You’ll need a buggy of some description for baby and a car seat. Buggies are a very, very personal choice, don’t just buy one because it works for someone else or because you look cool pushing it, all joking aside you need to test drive one. Check if feels comfortable for you (and your other half) to push, that it will fit in your car, that it has the right sized shopping basket, the right type of wheels for what YOU are going to use it for. Some people like to start with a travel system with integrated infant seat, others go straight away for the lie flat stroller type or a big three wheeler for the country roads. If you hope to expand your family soon you could investigate the options for single buggies that easily convert to doubles.

If you choose a travel system then it will come with an infant carseat, if not you’ll need one. We bought the separate base and found it very handy for taking in and out of the car. I am the person who had to phone her husband the first day that he went back to work to ask how to take the car seat out of the car as it was stuck on the base. PRACTICE is key!


Don’t buy any! You’ll get lots as gifts, and your newborn won’t need any for the first six weeks or so. Hold off getting a playgym too, but a bouncer/rocker chair that can be used from birth is a good investment- and a wise choice if a close friend or family member asks what they can buy you.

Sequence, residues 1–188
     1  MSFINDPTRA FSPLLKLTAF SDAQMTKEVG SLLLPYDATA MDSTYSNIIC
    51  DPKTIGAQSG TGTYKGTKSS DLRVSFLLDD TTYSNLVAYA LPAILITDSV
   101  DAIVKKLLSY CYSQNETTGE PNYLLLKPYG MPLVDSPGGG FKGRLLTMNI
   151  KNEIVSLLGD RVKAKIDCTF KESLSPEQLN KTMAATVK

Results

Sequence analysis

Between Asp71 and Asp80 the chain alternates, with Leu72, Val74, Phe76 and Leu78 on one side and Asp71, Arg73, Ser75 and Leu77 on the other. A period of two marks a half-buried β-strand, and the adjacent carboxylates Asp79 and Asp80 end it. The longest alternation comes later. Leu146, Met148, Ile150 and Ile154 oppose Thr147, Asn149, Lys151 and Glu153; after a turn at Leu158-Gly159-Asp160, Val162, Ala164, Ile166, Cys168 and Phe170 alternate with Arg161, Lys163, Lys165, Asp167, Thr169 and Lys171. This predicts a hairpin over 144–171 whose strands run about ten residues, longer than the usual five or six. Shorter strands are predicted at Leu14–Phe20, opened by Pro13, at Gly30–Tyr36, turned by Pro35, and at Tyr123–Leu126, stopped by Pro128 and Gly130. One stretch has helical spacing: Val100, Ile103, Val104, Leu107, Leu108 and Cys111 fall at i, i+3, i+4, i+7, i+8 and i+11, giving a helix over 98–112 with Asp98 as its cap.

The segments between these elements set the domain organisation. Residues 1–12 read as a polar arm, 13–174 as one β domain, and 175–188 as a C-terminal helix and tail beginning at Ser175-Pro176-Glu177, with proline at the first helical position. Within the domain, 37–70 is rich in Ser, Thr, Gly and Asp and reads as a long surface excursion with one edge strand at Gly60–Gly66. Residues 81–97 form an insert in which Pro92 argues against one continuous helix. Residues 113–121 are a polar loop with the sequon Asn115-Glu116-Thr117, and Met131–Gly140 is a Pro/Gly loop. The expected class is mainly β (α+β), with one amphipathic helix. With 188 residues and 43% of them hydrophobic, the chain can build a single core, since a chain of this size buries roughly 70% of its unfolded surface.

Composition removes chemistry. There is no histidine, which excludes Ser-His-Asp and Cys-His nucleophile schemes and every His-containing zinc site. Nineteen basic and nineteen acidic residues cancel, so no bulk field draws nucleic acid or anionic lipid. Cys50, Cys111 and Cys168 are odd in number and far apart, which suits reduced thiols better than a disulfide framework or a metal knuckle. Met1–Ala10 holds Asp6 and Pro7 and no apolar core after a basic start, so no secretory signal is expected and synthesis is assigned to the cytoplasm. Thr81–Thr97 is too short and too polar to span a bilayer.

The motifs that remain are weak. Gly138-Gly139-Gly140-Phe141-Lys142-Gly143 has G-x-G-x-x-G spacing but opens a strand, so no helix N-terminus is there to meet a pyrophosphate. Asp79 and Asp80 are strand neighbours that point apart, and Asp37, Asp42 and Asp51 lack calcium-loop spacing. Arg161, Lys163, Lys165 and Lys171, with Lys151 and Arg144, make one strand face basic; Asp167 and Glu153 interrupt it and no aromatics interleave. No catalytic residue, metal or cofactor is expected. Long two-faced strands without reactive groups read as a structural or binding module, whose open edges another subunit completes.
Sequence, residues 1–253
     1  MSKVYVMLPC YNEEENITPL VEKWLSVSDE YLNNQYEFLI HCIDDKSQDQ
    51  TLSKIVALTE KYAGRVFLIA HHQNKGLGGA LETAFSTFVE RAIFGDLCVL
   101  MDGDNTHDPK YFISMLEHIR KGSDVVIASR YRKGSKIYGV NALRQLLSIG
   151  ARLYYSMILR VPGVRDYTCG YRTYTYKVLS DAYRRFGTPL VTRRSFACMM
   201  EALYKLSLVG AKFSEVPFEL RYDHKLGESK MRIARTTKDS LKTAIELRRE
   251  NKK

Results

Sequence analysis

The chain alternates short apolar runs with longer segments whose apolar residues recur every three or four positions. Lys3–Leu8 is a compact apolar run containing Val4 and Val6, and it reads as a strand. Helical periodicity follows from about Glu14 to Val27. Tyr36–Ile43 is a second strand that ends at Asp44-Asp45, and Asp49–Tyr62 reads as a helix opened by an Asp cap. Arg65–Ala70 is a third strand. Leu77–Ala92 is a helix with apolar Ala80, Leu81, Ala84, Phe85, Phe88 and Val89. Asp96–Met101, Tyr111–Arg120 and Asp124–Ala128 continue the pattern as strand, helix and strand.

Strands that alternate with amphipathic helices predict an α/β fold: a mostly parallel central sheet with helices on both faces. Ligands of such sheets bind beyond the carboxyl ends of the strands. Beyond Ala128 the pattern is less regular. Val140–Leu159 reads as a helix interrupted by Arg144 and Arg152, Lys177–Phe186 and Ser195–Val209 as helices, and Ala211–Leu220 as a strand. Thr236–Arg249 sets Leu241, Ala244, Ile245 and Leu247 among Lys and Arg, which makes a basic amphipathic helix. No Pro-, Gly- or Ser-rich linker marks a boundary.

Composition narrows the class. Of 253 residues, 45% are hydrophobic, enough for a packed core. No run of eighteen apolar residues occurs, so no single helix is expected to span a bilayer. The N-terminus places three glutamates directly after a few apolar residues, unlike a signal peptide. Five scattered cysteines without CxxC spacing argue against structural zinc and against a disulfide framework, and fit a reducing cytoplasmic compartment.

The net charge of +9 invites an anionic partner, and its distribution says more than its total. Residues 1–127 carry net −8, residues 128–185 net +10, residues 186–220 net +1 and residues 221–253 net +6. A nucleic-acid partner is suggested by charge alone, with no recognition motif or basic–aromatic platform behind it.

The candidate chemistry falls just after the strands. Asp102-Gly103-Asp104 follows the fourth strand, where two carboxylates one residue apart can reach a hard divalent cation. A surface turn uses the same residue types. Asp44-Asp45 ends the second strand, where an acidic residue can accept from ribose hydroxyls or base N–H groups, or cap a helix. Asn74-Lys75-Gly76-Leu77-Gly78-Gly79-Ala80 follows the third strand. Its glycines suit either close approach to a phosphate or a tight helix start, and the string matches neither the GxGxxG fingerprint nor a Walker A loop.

As long as you have the basics everything else is easy to pick up in your local supermarket or online. Don’t panic buy and good luck!

What have I forgotten? (usual disclaimers apply!)



All Images: Pixabay.com unless otherwise stated.

**Updated 3/03/2014 to include car seat and baby jacket.



  1. Ah! I’m not the only one who stands in the nappy aisle, calculator (phone) out mumbling to myself about ’23c per nappy is not a sale!’

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  6. I hated the baby bath, and mostly used the sink and then the ‘big’ bath. Also I would not have been without a playpen!